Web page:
Unlike us, autonomous vehicles are not looking to experience or explore anything; their role is to navigate a route and to respond to new elements that arise in the course of navigation. Hence, the focus in a virtual testing environment is to build the environment such that the roads are described accurately enough to replicate real roads. By doing so, virtual roads become indistinguishable from existing roads, ensuring that the prototype self-driving car learns what it is to navigate in the real world.
Typically, real-world road data that is used to describe roads is created by physically scanning a road and saving that information in a readable format. But only a handful of companies have the resources to do that independently. Most autonomous companies rely on pre-existing data, collected by companies set up precisely to meet this need. By right, real-world road data is a public good. Yet now, it sits predominantly in the hands of the private sector, making it one of those thorny issues that potentially holds back the industry from reaching collective peak performance. The worrisome thing is that nobody seems to be taking it seriously.
And here’s why it should be: For road data to be read, it needs to be in a format that is readable by simulation software. As of today, many different formats and conventions that describe roads and resources are floating around, and autonomous companies are unnecessarily channelling resources to build bridging software that can read and transition this data between their different tools. That’s akin to physically scanning a document with an extension .doc and having to build different types of software every single time you want to use it, so it can be read by other programs like Linux or Google.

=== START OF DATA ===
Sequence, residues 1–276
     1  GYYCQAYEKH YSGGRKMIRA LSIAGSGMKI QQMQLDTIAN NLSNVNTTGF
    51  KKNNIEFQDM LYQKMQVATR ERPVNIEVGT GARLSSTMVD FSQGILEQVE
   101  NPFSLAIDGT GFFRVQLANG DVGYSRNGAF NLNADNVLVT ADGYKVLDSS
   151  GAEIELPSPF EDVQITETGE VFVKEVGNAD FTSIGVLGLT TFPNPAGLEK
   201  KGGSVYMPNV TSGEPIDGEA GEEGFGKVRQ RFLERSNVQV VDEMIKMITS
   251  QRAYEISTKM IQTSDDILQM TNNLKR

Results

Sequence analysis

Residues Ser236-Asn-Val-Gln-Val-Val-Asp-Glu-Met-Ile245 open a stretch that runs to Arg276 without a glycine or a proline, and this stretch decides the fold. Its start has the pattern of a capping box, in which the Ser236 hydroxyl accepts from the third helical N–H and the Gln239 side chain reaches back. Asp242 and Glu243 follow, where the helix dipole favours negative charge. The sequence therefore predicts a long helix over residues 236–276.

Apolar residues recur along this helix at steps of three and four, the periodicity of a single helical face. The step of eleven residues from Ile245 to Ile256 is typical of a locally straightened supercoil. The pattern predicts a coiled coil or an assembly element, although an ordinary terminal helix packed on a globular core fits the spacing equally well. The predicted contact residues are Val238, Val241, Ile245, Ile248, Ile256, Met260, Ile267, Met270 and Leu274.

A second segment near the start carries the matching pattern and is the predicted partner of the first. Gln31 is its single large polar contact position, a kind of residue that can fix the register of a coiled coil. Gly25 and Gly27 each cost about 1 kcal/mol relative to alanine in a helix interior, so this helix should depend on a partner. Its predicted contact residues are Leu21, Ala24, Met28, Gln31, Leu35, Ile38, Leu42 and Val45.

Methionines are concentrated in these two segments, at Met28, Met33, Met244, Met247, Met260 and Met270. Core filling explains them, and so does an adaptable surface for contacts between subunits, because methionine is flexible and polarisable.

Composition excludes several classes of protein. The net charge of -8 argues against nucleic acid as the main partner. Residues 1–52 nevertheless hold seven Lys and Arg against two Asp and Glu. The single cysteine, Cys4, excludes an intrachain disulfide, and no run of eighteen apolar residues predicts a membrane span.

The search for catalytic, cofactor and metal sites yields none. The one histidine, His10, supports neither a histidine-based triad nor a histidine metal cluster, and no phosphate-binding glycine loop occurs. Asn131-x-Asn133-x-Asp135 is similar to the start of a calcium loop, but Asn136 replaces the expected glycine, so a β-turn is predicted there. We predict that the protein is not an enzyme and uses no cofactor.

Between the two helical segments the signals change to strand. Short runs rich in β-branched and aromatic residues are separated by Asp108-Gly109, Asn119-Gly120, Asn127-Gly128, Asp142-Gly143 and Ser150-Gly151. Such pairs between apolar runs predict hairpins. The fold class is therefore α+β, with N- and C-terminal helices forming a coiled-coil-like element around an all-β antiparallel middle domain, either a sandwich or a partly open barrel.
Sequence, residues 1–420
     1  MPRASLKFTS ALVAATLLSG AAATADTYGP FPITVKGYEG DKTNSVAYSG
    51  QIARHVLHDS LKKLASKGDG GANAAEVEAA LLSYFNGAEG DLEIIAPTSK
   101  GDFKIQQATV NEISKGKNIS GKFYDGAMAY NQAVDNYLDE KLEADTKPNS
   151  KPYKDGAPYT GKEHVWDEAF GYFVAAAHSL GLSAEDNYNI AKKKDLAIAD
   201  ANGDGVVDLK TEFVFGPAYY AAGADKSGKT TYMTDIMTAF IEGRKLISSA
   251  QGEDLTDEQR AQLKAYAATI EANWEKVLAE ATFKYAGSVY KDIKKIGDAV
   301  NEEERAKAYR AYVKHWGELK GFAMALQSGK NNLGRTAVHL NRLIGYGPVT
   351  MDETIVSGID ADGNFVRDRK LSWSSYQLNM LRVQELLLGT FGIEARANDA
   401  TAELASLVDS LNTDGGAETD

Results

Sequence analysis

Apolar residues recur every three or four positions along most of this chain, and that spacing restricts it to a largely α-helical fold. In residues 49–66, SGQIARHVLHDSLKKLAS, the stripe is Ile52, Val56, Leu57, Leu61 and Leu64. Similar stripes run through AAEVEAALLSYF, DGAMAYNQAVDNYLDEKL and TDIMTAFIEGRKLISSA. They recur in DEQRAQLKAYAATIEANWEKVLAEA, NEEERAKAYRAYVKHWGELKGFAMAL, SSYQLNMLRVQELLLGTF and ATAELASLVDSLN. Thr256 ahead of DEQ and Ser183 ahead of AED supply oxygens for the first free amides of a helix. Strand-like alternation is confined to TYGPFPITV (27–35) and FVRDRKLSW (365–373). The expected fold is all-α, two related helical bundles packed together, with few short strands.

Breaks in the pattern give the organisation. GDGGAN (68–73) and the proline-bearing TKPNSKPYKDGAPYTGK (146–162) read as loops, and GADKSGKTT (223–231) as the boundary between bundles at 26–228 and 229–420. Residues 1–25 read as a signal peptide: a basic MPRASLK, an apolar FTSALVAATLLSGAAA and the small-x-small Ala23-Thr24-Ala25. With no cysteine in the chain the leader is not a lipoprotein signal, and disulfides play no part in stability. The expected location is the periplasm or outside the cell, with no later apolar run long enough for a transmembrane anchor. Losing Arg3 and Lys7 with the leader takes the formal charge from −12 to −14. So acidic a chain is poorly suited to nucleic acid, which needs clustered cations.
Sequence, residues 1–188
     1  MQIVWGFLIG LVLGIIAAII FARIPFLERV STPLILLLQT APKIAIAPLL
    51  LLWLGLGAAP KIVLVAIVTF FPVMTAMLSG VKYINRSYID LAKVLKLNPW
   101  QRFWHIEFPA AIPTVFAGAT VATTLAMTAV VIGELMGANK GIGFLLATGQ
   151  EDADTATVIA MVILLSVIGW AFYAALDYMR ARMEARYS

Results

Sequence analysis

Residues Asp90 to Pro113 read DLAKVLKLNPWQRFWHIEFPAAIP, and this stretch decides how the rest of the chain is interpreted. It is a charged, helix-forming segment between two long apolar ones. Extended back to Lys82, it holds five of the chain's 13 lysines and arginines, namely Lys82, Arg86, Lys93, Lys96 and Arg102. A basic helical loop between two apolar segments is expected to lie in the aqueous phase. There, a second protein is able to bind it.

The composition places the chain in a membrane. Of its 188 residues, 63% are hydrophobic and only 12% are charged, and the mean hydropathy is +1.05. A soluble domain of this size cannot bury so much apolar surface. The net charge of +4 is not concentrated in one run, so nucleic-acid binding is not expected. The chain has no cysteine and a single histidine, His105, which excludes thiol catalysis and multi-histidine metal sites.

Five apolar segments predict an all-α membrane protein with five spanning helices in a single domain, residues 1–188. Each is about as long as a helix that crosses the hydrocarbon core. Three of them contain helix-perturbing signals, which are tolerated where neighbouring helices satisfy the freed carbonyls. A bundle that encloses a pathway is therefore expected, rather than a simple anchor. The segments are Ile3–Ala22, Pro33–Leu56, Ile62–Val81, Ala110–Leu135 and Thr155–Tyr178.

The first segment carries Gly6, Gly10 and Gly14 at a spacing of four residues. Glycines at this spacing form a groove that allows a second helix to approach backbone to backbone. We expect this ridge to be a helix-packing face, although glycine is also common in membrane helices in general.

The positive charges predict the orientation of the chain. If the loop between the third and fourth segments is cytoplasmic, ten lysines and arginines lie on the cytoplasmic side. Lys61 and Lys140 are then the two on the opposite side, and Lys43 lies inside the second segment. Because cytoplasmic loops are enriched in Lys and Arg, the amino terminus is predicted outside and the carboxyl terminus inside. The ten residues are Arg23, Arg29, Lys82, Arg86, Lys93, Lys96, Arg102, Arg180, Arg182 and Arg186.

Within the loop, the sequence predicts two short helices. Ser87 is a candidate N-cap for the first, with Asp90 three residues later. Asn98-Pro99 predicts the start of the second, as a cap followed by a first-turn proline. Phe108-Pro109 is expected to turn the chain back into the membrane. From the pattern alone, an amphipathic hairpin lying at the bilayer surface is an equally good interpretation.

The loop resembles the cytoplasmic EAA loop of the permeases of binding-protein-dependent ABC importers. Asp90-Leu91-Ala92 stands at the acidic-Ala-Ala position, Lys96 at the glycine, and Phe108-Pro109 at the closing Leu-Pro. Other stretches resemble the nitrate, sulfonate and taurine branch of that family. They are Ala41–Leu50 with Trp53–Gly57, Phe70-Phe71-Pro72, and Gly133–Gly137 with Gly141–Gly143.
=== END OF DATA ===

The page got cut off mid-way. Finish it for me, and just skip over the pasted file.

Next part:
The baffling aspect of this situation is that there is no reason for the industry to work this way. There is literally no competitive advantage to having different formats of road data. Resources can be more fruitfully channeled to solving immediate and pressing issues that deal with the mechanics and learning of the self-driving cars, instead of addressing what is essentially an administrative bottleneck.
The Open Standards Movement